Men of average height to tall have one to three times more sexual partners than smaller men, according to an American study that also found weight to be a factor.
Researchers at Chapman University in California studied whether or not height and body mass index played a role on the number of sexual partners men and women had during the course of their lives.
In a study of 60,058 heterosexual volunteers, of which 52 per cent were male and 48 per cent female and average age was 37, the researchers took into account criteria for height, education level, age and BMI as key indicators in the personal sexual history of each participant.
The results, published September 30 in the journal of Evolutionary Psychology, indicated that participants between the age of 30 and 44 had had on average eight partners since being sexually active. Of the participants, 58 per cent of men and 56 per cent of women indicated having had more than five whereas 29 per cent of men and 23 per cent of women indicated having more than 14 partners.
Shorter men reported a minimum of five sexual partners. On the contrary, medium-height to tall men declared one to three times more partners than their shorter counterparts.
"These findings confirm that height is relevant on the mating market," said David Frederick, lead author on the study. Despite this, the researcher has no clear scientific explanation to explain the link, if not for the observation that women are often attracted to men who are relatively taller than they are.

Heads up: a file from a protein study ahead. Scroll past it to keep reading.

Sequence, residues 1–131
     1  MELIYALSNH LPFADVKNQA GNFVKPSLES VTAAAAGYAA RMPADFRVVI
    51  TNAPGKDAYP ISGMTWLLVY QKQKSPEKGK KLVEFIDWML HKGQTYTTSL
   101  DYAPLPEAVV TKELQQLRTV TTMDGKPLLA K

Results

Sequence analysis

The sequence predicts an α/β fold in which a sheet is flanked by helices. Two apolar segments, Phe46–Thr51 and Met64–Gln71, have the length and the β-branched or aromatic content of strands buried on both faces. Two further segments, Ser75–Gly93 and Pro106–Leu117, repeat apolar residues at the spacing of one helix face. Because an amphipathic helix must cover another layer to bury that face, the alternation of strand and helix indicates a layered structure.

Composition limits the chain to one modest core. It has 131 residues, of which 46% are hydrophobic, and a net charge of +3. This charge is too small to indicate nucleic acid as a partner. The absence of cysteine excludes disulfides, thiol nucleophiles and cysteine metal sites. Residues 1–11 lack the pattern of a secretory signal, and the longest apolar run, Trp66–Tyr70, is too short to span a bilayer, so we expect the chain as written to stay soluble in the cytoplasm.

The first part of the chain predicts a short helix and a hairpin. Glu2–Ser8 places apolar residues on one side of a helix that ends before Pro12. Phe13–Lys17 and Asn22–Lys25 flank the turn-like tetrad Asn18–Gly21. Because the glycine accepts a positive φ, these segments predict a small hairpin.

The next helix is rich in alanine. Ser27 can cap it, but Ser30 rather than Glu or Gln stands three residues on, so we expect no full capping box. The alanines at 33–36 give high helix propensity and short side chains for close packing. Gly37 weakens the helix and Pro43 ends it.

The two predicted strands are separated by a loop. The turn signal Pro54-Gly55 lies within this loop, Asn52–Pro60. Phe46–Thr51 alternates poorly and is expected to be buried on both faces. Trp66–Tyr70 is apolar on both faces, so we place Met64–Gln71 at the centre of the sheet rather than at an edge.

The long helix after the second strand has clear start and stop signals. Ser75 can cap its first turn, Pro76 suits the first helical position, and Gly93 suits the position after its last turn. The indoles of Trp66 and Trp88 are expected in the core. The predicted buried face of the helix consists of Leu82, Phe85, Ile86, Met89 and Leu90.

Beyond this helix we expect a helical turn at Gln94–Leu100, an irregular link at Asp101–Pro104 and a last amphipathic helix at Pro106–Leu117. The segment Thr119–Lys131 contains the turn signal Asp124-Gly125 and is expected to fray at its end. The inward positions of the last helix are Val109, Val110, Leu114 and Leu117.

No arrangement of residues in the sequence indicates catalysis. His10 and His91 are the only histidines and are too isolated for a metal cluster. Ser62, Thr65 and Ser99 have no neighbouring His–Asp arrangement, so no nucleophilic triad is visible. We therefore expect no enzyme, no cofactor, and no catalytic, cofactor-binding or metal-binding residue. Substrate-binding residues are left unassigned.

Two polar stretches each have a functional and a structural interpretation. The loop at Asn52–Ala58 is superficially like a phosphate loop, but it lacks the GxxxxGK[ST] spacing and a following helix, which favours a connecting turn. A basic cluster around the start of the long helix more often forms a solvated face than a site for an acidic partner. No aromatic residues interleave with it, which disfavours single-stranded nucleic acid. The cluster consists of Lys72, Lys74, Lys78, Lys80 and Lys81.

Regarding weight, the researchers noticed that men who find themselves in the middle of the BMI scale have the most sexual partners. Normal-weight and overweight participants reported a higher number of partners than those with a low BMI.
Dr. Frederick said that the medical criteria used to classify high BMI differs from the social perception of what that entails. He gives the example of George W. Bush, who was considered medically overweight though the majority of Americans did not perceive him as such.
Men with larger frames, who are perceived as more powerful and generally more athletic, report more sexual partners than other men, according to Dr. Frederick.
For women, the observation is similar. Those with the least sexual experiences are underweight, according to the study. The study's author explains this by the fact that "they may be highly dissatisfied with their weight and suffering from anorexia and thus not motivated to show their bodies." Furthermore, being underweight can be associated with a serious illness that is not conducive to sexual activity, thus resulting in fewer sexual partners.
For more information on the study, visit Evolutionary Psychology.
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